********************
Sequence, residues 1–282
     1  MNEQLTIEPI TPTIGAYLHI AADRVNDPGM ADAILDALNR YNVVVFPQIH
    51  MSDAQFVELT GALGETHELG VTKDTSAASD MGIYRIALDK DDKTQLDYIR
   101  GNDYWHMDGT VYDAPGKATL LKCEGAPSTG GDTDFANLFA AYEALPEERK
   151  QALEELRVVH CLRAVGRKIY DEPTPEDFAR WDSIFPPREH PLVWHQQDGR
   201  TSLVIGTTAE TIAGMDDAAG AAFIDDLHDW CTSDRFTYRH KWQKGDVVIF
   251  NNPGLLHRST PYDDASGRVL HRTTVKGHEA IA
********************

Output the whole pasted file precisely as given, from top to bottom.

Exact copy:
Sequence, residues 1–282
     1  MNEQLTIEPI TPTIGAYLHI AADRVNDPGM ADAILDALNR YNVVVFPQIH
    51  MSDAQFVELT GALGETHELG VTKDTSAASD MGIYRIALDK DDKTQLDYIR
   101  GNDYWHMDGT VYDAPGKATL LKCEGAPSTG GDTDFANLFA AYEALPEERK
   151  QALEELRVVH CLRAVGRKIY DEPTPEDFAR WDSIFPPREH PLVWHQQDGR
   201  TSLVIGTTAE TIAGMDDAAG AAFIDDLHDW CTSDRFTYRH KWQKGDVVIF
   251  NNPGLLHRST PYDDASGRVL HRTTVKGHEA IA